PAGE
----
Events and inbound marketing: 3 things to consider

Events and inbound marketing: 3 things to consider

Despite more and more consumers interacting with brands solely online, events are still a massive part of marketing – particularly in B2B. And within the inbound model, it can be easy to forget that events are pieces of content, just like blog posts, PDF guides, videos and webinars are.

They could be awareness (customer might stumble across you at a convention having not heard of you before), consideration (customer might be scouting out the convention for a solution to their problem, and come to speak to you about the solutions you offer) or decision (customer has interacted/been aware of you before and has specifically sought you out at this event to size you up before purchase).

It’s important to think about events not just as an addition to, but as an integral part of your inbound marketing funnels, and your prospects’ journey to become customers.

As my event experience is largely in B2B, this article examines the concept of events and inbound marketing largely through this lens. But it’s worth noting these points down for B2C too.

Here are the main points I think you should consider about how your events and inbound marketing fit together, and how to build an effective strategy. 


What content are you offering at the event?

Event content doesn’t just have to be brochures, catalogues or flyers. Try not to think about content in a traditional sense like this when it comes to integrating events into your inbound funnels.

Can people book an appointment? Are you holding talks or seminars on your stand? Can people download electronic content on your stand? Consider what this content is, where it sits in the inbound funnel, and how you are going to blend the face-to-face interactions with marketing automation and other inbound techniques in order to drive people through effectively. If you’re giving people the opportunity to book appointments, use a tool like Calendly, which syncs up nicely with most automation systems like HubSpot and ActiveCampaign so that you can record appointment bookings. You can then use this information to nurture attendees if they do attend the appointment, and if they don’t, making sure they stay engaged with you and your brand after the event.


What about good old fashioned leads?

It’s tempting when exhibiting at an event – and in the aftermath – to see all leads equally. There’s a definite bliss to sitting back, counting the number of leads you recorded and giving yourself a big pat on the back. But deep down you know this isn’t the case. As mentioned in the intro, attendees will have a variety of different reasons for visiting you and your stand. This might be their first interaction with you, or their third, or their tenth. A person who has wandered onto your stand one day having never even heard of you before cannot be considered to be in the same stage of the buyer’s journey as someone who’d carefully researched you online before seeking you out at the event. This distinction needs to be accounted for in your lead capturing process.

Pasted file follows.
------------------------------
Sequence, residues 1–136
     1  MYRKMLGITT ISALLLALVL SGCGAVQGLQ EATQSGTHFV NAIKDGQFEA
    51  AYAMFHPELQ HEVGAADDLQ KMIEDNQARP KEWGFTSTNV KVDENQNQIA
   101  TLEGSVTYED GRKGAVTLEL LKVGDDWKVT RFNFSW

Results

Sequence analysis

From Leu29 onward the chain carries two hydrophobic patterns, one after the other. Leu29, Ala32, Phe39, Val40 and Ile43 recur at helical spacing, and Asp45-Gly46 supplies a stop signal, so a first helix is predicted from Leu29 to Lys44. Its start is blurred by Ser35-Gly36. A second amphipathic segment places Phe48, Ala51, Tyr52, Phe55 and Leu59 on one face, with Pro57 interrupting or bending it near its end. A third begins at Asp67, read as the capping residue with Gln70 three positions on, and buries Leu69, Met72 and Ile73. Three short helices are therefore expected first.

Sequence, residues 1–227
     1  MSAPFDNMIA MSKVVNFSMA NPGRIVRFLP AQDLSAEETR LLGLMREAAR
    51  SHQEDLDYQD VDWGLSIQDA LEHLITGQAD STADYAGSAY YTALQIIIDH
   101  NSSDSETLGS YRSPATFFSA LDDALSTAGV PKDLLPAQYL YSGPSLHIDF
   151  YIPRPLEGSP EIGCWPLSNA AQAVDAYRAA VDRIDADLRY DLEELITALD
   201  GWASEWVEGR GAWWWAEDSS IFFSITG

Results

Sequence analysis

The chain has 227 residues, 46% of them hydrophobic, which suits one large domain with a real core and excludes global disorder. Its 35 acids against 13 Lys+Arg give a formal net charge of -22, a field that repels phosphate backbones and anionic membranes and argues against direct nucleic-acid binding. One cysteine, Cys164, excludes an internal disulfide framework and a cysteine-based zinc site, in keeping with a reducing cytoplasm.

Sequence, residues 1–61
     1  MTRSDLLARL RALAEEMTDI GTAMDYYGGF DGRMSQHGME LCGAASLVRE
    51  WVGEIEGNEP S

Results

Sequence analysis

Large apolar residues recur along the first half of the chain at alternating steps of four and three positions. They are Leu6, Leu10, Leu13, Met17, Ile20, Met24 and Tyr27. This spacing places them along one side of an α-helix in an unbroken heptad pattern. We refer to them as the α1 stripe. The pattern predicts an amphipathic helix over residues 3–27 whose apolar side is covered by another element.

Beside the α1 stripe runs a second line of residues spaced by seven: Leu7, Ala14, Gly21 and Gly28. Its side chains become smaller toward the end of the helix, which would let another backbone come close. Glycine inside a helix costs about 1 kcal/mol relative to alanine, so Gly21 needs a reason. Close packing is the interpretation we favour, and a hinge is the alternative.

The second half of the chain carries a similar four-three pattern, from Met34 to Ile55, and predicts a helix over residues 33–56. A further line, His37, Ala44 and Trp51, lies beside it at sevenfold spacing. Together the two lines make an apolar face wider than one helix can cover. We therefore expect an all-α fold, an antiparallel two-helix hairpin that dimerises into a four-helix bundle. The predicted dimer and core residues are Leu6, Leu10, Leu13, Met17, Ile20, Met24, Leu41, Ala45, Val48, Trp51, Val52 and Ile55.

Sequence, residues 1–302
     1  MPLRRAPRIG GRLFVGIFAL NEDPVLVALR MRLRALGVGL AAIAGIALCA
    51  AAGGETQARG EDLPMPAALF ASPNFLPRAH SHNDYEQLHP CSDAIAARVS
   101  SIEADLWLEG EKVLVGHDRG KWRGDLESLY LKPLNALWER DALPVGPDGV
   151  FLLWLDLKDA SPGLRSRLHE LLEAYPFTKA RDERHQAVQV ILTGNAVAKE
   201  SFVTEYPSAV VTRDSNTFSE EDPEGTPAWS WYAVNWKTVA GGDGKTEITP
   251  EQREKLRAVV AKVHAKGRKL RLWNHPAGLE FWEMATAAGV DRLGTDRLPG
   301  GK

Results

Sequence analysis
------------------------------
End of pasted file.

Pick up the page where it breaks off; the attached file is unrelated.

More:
A technique that’s worked well for me in the past is using an online form tool (like Typeform) to collect leads, and having salespeople and stand-manners manually score and assess each lead as they come. This doesn’t have to be a numerical score, it can be a simple process of selecting “This person wants a quote” or “This person wants information” from a drop-down. There’ll still be some manual processing required in terms of the lead detail, but it’s a quick and easy way to sort leads in terms of priority and “temperature”.


What about follow-up?

Closely related to my previous point, it can be so easy in the aftermath of an event to focus solely on how many you leads you got and reporting on success to the business rather than making sure they get solid follow-up. Sales teams can get over excited about the volume of leads they’re receiving and having a solid list of prospects to attack – but not all leads are created equally, and they don’t all require follow-up in the same way.

The process of “lead scoring” described above will you help distinguish whereabouts the lead is in the buyer’s journey, but another key part of this process is deciding exactly how you’re going to engage with your prospects and keep them warm, possibly even weeks after the event.

It’s a great idea to draw up funnels for your event well in advance, and put automations in place that will help nurture customers once they’ve skipped merrily away from your exhibition stand with freebies in hand. For example, if you were a company who sold office furniture, and you were exhibiting at a big office furniture conference, a funnel might look like this.
Event funnel example

Always think carefully about how the lead would like to be contacted next, and don’t let them go cold. Thank them for coming, let them know you’ll be in touch about what you discussed. But don’t smother them. Many people bemoan being hassled by exhibitors after placing one toe on a stand at an exhibition. Think about what the prospect would like to hear from you next and how you can keep them interested and nurture them into a sale.

Don’t forget that events are a key part of your inbound strategy and a valuable tactic for getting in front of people and engaging with them in a meaningful way. But unfortunately, due to the nature of them, you only get one chance to get them right, at the risk of having to wait to have another go next year. It’s vital to carefully plan what inbound marketing will look like around your events, in order to make them a success within your wider marketing strategy.

Inbound marketing performance audit